The passage then says, “He looked around at them in anger and, deeply distressed at their stubborn hearts.”
The ignorance and the callous legalism made Jesus angry and deeply distressed. He was angry because God was angry. In their concern for legal detail they had forgotten the mercy and grace of God. In the name of piety they had become insensitive both to the purposes of God and to the sufferings of men. Jesus refused to observe the traditional rules; he moved in grace toward sick individuals and healed them without regard to the day of the week.
Then notice how our passage ends with a deep contrast. Jesus calls the man to stretch out his hand and he heals it. Jesus transforms human flesh and a life. The text says the Pharisees, “went out and began to plot with the Herodians how they might kill Jesus.”
It reminds me of John 10:10, “The thief comes only to steal and kill and destroy; I have come that they may have life, and have it to the full.” The anger of Jesus leads to transformation and comes from a deep desire to see the Pharisees know the truth. The anger of the Pharisees leads to death . . . it is motivated by self-interest and self-protection.
So if anger appears in so many different contexts in the Bible, how do we seek the anger of Jesus rather than the anger that Paul discourages and lists as “fits of rage” in Galatians 5?
We have to first understand the nature of anger accurately. There are several misconceptions about anger that must be immediately dispelled. 1) Anger is not inherited. The expression of anger is a learned behavior and ultimately we have a choice in how we choose to express frustration. We are in control of what we do with our feelings of anger. 2) Anger does not us to get what we want. Aggression is not the same thing as assertiveness. Expressing ourselves in an assertive manner does not blame or threaten other people and minimizes the chance of emotional harm. 3) It is not always good to vent anger. Most research has found that people who vent their anger aggressively simply get better at being angry. It is most preferable to learn how to avoid acting aggressively from anger even if the object is a pillow.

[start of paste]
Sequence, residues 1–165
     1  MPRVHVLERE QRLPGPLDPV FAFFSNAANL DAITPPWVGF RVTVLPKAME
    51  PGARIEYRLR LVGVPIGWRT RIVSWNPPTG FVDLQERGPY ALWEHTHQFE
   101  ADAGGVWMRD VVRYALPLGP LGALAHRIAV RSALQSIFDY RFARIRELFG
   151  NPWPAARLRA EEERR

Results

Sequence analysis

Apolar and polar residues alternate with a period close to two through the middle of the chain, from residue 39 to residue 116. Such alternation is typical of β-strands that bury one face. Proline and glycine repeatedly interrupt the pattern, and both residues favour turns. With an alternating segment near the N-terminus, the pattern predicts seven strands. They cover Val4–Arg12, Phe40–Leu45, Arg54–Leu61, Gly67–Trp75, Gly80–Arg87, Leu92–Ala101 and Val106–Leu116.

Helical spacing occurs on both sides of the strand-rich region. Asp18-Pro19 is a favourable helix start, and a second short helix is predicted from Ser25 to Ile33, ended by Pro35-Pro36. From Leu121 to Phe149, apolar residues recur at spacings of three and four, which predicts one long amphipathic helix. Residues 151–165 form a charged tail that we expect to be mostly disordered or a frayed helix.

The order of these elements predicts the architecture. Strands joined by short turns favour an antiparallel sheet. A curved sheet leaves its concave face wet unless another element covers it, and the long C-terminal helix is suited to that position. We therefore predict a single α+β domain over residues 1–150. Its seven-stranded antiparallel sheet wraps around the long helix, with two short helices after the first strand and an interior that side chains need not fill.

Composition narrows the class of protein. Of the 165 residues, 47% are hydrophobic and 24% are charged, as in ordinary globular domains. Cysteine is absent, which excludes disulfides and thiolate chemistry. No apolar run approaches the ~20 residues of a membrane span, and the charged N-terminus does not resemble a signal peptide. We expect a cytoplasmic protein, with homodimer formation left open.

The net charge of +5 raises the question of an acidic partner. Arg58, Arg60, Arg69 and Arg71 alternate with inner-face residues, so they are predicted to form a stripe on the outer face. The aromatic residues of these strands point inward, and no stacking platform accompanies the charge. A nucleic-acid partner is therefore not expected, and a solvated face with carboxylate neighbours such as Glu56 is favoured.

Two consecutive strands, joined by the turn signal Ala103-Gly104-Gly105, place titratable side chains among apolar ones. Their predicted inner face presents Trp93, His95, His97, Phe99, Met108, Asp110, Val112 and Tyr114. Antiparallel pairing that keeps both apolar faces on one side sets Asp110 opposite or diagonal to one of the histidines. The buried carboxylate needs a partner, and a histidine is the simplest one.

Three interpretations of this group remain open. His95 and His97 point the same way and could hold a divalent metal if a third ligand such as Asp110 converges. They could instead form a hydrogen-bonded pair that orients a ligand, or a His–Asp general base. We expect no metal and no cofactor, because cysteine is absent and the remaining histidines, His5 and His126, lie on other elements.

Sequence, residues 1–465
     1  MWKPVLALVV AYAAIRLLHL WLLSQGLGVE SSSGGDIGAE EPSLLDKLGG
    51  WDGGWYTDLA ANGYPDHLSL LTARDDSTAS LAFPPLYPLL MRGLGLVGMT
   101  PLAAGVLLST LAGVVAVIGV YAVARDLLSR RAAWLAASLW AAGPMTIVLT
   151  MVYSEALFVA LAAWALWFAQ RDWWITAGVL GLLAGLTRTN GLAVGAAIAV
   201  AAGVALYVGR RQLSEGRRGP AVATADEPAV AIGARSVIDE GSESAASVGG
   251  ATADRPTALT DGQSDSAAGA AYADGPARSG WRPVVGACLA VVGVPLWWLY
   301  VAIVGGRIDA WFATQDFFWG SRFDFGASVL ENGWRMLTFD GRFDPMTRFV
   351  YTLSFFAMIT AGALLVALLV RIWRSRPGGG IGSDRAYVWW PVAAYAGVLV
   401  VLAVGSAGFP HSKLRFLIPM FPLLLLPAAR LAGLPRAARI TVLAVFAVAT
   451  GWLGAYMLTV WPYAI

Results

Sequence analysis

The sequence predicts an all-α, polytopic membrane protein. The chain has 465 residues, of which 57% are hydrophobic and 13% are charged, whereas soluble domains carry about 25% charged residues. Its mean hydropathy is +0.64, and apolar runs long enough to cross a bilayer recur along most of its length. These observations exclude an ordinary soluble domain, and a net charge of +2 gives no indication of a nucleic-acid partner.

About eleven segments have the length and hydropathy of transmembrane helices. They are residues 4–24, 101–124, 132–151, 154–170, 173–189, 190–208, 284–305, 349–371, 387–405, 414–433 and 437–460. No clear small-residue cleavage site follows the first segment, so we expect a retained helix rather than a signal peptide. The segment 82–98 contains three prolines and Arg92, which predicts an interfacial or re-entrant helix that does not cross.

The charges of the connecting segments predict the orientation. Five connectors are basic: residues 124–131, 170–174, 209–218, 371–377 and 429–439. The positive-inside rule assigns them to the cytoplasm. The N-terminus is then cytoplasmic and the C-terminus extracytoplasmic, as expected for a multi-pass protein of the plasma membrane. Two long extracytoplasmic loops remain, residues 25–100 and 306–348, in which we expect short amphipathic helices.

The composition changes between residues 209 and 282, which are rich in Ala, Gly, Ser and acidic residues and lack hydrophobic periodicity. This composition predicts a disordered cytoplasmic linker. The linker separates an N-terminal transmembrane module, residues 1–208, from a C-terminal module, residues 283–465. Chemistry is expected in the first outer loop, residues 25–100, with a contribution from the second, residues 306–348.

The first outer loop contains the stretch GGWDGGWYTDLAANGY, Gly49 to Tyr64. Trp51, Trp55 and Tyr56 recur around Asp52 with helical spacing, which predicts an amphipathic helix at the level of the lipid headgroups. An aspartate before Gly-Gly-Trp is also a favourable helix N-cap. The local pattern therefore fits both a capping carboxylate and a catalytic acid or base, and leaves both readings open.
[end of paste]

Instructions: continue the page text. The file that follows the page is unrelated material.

Anger is usually a habit. When we face particular situations or events in our lives our anger is provoked. A whole range of situations can provoke our anger: long waits in line, traffic congestion, being wrongly accused of something, having a neighbor that plays their music too loud, or having money or property stolen from you.
And when we are faced with these annoying circumstances, the anger swells up inside of us and manifests itself in different ways. Our heart rate increases, our chest tightens and we may even begin to feel hot. We might clench our fists or teeth and raise our voice.
Such a strong reaction usually arises out of deep feelings of fear, hurt, jealousy or disrespect. And in our mind, amidst the anger, we may begin to picture acting out in aggression and seeking revenge.
We do not just hurt people when we act out physically from our anger, though. A dirty look, a slight snub, a little edge in the voice, the neglect of some little habit of kindness – these are actions characteristic of anger, and we use them as punishment of the object of our anger.
What do we do then with our anger? One very effective strategy is taking a time-out. In its simplest form, it means taking a few deep breaths and thinking instead of reacting. It may also mean leaving the situation that is causing the escalation or simply stopping the discussion that is provoking your anger. This strategy is very closely related to James' call for us to be “slow to be angry.” Timeouts slow the process down and force us to process what we are doing rather than responding instinctively with a bad habit.
What is fascinating about anger and other destructive emotions and feelings is that it is never the triggering events themselves that produce feelings such as anger; it is our interpretation and beliefs about the events. Often we will blame the triggering event rather than ourselves. We might say something like, “it is not my fault that I got angry and flipped that guy off in front of the kids, he cut me off.” Or, “I can't help it when I scream at my wife, she drives me crazy.”
The reality though is that lots of other people face similar circumstances or events and have alternative reactions. We have a choice of how to react. Our reaction is not dependent upon what happens to us. Ultimately we choose to move feelings of frustration at someone cutting us off, to feelings of deep anger and rage.